In 1968, the U.S. introduced a light tank, the Sheridan, which fired a guided missile from its 152mm main gun. This Shillelagh missile (with a max range to 2,000 meters), was not a success, and Sheridans sent to Vietnam just carried conventional rounds.
In the 1970s, the Russians began to introduce guided missiles fired from 125mm tank guns. The Russian missiles (there were six different models introduced, the latest in 2001, with another still in development), all had a max range of 5,000 meters and, like Shillelagh, used a shaped charge warhead. None have been used in combat.
The MRM KE/CE comes in two versions. The KE (Kinetic Energy) uses a metal penetrator, and gets a speed boost from a rocket motor to give it sufficient momentum to penetrate thick armor. The CE (Chemical Energy) round uses a shaped charge. The MRM uses GPS, radar and a laser to find its target.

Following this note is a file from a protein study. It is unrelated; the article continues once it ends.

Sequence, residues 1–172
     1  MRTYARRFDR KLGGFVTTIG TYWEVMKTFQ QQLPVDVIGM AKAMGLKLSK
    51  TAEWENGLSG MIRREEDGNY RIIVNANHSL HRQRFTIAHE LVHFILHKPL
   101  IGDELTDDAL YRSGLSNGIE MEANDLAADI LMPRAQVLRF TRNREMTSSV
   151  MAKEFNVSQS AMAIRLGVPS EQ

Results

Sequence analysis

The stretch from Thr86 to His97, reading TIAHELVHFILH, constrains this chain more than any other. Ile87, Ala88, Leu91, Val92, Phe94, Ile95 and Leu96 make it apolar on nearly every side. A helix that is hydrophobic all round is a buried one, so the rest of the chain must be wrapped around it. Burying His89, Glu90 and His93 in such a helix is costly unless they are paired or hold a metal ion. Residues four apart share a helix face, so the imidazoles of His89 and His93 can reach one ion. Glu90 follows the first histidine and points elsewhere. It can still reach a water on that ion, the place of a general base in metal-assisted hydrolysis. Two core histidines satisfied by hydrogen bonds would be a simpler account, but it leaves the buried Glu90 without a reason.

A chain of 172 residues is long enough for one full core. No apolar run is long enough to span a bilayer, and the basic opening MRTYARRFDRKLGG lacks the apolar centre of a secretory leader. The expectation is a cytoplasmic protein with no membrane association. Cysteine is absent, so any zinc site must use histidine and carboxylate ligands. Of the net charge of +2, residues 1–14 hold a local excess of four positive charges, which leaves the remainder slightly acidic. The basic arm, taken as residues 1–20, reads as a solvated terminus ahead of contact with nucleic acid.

Current U.S. 120mm tank guns can get hits at up to 4,000 meters, using chemical (explosive) rounds. The vast majority of enemy combat vehicles spotted are within that range. But it is expected that greater use of UAVs will enable tanks to identify enemy vehicles at longer ranges, and the MRM KE/CE shells would enable these targets to be hit.
While Russia has been firing guided missiles from tank guns for 30 years, the United States has only recently gotten back into the business. A new "guided shell" (the MRM KE/CE) has had several successful test firings this year. In the latest test, a U.S. M-1 tank fired an MRM CE round, which hit a moving T-72 tank at a range of 8,600 meters.